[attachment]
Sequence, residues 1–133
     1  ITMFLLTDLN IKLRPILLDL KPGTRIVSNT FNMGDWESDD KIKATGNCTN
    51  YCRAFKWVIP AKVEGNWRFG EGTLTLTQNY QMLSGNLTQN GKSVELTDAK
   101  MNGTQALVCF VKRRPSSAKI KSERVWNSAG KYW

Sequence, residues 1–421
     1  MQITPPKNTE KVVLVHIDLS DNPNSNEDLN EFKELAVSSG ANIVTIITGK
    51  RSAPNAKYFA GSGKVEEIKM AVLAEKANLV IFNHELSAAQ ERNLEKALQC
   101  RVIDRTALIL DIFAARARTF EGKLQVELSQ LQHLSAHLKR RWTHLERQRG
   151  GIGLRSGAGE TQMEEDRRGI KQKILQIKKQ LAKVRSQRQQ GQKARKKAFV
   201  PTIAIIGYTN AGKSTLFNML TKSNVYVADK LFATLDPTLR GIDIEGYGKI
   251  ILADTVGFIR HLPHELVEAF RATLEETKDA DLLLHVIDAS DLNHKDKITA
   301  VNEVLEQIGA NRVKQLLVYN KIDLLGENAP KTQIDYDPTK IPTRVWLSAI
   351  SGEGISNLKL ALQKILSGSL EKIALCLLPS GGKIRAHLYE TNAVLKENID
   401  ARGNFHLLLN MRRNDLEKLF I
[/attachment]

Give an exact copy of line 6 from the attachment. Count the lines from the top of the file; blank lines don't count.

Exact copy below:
     1  MQITPPKNTE KVVLVHIDLS DNPNSNEDLN EFKELAVSSG ANIVTIITGK